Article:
The case was filed by a Mumbai-based company responsible for storing and processing the TV episodes for an app, local media said.

The four arrested were company employees who possessed official credentials giving them access to the episodes, the reports added.

Game of Thrones has more Emmy Awards than any narrative show in history and airs in 170 countries, with viewership figures shattering records across the world.

As well as being a hit globally, it has a massive fan base in South Asia.

Showrunners David Benioff and D.B. Weiss last year announced the shortened run of seven and six episodes for the final two seasons and confirmed the summer return for season seven, a departure from the usual April premieres.

The show has been teasing winter's arrival since its pilot episode in 2011, and in the latest episode preview "Death Is The Enemy" has finally moved closer to showcasing a battle between a horde of undead "White Walkers" from the frozen North and a troop of warriors led by hero Jon Snow (Kit Harington).


How Top Companies Accidentally Leaking Terabytes of Sensitive Data Online
10.8.2017 thehackernews  Incindent

An anti-malware detection service provider and premium security firm has been accused of leaking terabytes of confidential data from several Fortune 1000 companies, including customer credentials, financial records, network intelligence and other sensitive data.
However, in response to the accusations, the security firm confirmed that they are not pulling sensitive files from its customers; instead, it's up to companies—who are accidentally (but explicitly) sharing their sensitive data to leverage an optional cloud-based anti-malware service.
On Wednesday, Information security firm DirectDefense published a blog post, claiming that they found a major issue with endpoint detection and response (EDR) solution offered by US-based company Carbon Black, alleging that the company is leaking hundreds of thousands of sensitive files from its customers.
Carbon Black is a leading incident response and threat hunting company that offers security products to nearly thirty of the largest 100 public and privately held companies in the US, including Silicon Valley leaders in internet search, social media, government, and finance.
DirectDefense Claims 'Carbon Black' Leaking Data
According to DirectDefense, the company's CB Response is responsible for leaking a massive amount of its customers' data—from cloud keys and app store keys to credentials and other sensitive trade secrets—due to its dependence on third-party multi-scanner services.
Carbon Black specialises in next-generation antivirus plus endpoint detection and response (EDR) solutions in one cloud-delivered platform that stops malware and other cyber attacks.
The product works by identifying "good" and "bad" files and then creating their whitelist to prevent its clients from running harmful files on their systems. So, the tool continuously evaluates an enormous and ever-expanding pool of files for a potential infection.
DirectDefence claims whenever the tool encounters a new file on its clients' computer that it has never seen before, it first uploads the file to Carbon Black servers, and then company forwards a copy of that file to VirusTotal multiscanner service (owned by Google) that contains dozens of antivirus engines to check if the file is good or bad.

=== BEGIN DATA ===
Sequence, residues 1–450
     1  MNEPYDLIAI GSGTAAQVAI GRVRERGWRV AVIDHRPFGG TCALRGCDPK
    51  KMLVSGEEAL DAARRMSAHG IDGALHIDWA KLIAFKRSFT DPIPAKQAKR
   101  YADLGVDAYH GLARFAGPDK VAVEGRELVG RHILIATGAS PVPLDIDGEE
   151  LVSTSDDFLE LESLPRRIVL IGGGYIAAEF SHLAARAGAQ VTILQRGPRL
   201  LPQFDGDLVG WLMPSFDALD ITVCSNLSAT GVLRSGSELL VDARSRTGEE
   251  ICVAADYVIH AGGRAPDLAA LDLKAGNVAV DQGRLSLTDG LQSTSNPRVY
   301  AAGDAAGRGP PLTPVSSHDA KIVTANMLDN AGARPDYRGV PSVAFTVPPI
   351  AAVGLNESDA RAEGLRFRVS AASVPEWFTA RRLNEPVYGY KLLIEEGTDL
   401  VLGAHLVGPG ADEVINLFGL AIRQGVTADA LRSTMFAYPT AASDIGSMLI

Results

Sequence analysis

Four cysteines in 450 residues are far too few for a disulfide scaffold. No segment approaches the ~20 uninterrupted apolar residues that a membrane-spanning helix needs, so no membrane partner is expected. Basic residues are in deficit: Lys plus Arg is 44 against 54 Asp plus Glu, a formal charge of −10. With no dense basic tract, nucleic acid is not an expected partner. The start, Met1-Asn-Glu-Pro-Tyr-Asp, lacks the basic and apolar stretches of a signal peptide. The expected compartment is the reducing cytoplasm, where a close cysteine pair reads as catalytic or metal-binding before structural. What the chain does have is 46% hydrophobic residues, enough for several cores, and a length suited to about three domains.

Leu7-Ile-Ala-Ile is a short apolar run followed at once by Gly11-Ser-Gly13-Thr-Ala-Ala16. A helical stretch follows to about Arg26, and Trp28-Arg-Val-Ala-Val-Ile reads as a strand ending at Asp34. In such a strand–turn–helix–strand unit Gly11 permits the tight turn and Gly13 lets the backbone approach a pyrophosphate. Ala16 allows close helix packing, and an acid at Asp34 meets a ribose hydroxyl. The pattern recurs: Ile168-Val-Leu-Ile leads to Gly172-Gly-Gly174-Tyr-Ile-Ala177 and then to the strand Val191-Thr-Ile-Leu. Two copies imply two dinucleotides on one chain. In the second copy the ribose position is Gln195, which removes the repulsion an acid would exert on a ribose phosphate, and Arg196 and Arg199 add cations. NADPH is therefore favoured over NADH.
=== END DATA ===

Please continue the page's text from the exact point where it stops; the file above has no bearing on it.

But according to DirectDefense President Jim Broome:
"Cloud-based multi-scanner service [VirusTotal] operate as for-profit businesses. They survive by charging for access to advanced tools sold to malware analysts, governments, corporate security teams, security companies, and basically whomever is willing to pay."
So, anyone who is willing to pay would get access to the multiscanner and eventually access to the files submitted to its database.
Broome called the scheme as "the world's largest pay-for-play data exfiltration botnet."
Broome says he discovered this issue in mid-2016 when his company was working on a potential breach on its client’s computer.
While using the VirusTotal cloud-based multi-scanner to search for a possible piece of malware which it suspected of infecting its client, his staff came across a batch of internal applications belonging to a "very large telecommunications equipment vendor."
After digging deeper, the team discovered that the files were uploaded by Carbon Black, as identified by its unique API key (32d05c66). Once the team had that primary key, it was able to locate "hundreds of thousands of files comprising terabytes of data."
"We downloaded about 100 files (we found JAR files and script files to be the easiest to analyse by script), and ran these files through some simple pattern matching," Broome writes.
"When we got hits, we’d try to extrapolate where they came from. We were not trying to be exhaustive in the analysis, and only repeated this operation a few times to see if it still held true."
DirectDefense Found Sensitive Data Leaked From Top Companies

Broome says he identified three companies to whom the files his team downloaded belonged, though he doesn't disclose the names of the affected companies.
Here is some information DirectDefense revealed about the three affected companies:
Large Streaming Media Company